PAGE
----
Slow Press' 2012 Cabernet Sauvignon. Paso Robles

Slow Press' 2012 Cabernet Sauvignon. Paso Robles

An adventurous personality is a terrible thing to waste. So I don’t…most of the time. I’m always on the hunt for something unusual, something new and different. However, at the end of a busy day, with moussaka on the menu (a somewhat complicated dish that I will blog about soon), I found myself searching for simple and familiar. Sometimes, you just need a good California cabernet.

My husband took a wine class some years ago and oft repeats an anecdote about the instructor telling the class there’s nothing wrong with selecting a wine because you like the label. “If you like ducks, then pick a wine with ducks on the label…” I’ll add that it’s okay so long as the wine is relatively inexpensive, but I’m a low-risk wino. As well, I’m a believer in good design that tells a story. I am quickly turned off by poor website and food menu design. If little to no effort was put into the first impression, what should I expect in terms of quality in the product or food I’m about to purchase? Thus, while perusing California cabernets the other day, I was drawn to a label of faux copper, and sold when I connected the winery’s name to its tagline. Slow Press: Never Rush A Great Wine. Good branding is never wasted on me. Into my cart went the 2012 Slow Press Cabernet Sauvignon from Paso Robles.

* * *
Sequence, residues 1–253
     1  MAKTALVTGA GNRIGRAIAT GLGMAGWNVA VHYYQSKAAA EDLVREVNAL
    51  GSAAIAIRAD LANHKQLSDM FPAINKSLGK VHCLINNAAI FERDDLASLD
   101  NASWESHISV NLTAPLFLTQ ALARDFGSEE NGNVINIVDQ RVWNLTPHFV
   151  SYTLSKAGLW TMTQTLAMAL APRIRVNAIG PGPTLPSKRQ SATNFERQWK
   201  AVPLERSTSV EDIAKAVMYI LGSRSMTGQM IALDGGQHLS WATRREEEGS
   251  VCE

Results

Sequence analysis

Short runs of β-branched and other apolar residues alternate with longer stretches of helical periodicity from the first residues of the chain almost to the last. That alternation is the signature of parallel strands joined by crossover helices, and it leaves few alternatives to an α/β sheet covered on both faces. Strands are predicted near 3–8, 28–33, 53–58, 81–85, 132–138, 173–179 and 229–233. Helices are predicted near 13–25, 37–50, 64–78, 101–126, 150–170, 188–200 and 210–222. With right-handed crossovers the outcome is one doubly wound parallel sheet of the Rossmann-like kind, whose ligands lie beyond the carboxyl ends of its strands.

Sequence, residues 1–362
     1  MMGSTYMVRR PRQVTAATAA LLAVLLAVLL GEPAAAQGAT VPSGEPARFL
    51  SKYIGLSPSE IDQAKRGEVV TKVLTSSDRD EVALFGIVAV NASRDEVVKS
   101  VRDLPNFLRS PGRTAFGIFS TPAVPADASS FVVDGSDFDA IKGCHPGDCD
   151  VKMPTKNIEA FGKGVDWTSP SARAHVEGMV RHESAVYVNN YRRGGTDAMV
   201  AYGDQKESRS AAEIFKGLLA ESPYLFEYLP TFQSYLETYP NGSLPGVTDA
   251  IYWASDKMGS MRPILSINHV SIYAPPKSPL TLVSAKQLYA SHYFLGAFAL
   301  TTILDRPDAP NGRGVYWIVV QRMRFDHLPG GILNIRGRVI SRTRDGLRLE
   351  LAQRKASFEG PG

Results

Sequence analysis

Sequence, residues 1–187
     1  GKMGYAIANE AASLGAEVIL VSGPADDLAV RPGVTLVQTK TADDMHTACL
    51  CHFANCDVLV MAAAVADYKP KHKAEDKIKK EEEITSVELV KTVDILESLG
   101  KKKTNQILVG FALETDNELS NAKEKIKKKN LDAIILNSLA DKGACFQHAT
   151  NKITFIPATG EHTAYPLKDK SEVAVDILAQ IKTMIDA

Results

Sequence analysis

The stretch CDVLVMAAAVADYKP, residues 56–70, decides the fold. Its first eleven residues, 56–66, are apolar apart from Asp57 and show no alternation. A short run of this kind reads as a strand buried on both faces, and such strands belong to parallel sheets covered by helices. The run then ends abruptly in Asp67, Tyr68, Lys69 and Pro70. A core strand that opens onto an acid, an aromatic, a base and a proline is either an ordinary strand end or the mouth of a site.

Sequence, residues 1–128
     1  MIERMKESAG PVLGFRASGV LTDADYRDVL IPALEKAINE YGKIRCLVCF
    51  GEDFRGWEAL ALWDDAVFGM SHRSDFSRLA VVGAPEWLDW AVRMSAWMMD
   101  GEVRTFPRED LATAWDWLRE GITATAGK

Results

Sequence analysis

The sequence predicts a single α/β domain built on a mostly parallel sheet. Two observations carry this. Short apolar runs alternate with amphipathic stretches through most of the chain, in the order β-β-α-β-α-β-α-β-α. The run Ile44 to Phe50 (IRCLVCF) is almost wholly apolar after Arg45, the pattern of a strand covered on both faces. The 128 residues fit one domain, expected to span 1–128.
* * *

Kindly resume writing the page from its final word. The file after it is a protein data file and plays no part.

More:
Once I got it home, I read further and learned that Slow Press “cold soaks” its grapes prior to fermentation. This is a means of extracting color and flavor from the grape skins, without introducing the harshness of tannins. The wine is then slow fermented and aged in oak for 12 months.

As I mentioned earlier, I purchased this to accompany moussaka, which is a Greek lasagna-like dish made with lamb and tomato meat sauce, béchamel, and layers of sliced eggplant and potato. It’s a hearty dish. Per my usual, I enjoyed a glass of wine while cooking, and then another glass when things got complicated.

When paired with a tomato-based, meaty, hearty dish, I don’t mind a very tannin-full wine. However, when sipping the wine on its own, I don’t always want it to knock me down. The Slow Press is sort of a chameleon in this regard. It definitely held up to the dish, but it was also incredibly smooth, drinkable and enjoyable all by itself.

On the nose, cola and dark berries, maybe a little raspberry. Can I say it smells sultry? But not a devious kind of sultry. The aroma is certainly spicy, but also has a sweetness to it that is very enticing.

On the palate this wine is so smooth and just…friendly. I taste notes of cherry and nutmeg and it has an “approachable spice”. It is medium bodied, juicy and full of flavor with just a little tannin up front and a long finish. The tannins definitely become more pronounced the longer the bottle is open. I’ll credit the chameleon quality to this. But, how nice, to find a great-tasting wine that follows a cook’s timeline and taste preferences. Well done, Slow Press. 

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